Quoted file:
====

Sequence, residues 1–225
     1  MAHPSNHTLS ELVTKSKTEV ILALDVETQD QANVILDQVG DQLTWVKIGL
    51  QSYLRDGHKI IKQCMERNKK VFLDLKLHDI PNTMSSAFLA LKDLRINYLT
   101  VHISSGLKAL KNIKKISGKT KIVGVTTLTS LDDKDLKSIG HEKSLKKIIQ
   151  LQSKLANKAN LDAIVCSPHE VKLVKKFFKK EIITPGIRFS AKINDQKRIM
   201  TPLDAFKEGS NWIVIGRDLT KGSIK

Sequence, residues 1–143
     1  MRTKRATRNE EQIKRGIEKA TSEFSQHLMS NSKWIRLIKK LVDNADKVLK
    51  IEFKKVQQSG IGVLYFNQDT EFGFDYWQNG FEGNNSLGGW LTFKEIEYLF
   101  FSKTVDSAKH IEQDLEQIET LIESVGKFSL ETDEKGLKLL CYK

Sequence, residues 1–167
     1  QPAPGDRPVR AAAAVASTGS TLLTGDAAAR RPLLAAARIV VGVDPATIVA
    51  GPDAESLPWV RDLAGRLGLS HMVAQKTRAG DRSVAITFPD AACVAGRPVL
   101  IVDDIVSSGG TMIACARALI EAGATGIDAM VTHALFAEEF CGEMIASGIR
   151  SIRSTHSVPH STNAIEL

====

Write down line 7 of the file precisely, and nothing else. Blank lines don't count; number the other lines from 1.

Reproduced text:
Sequence, residues 1–143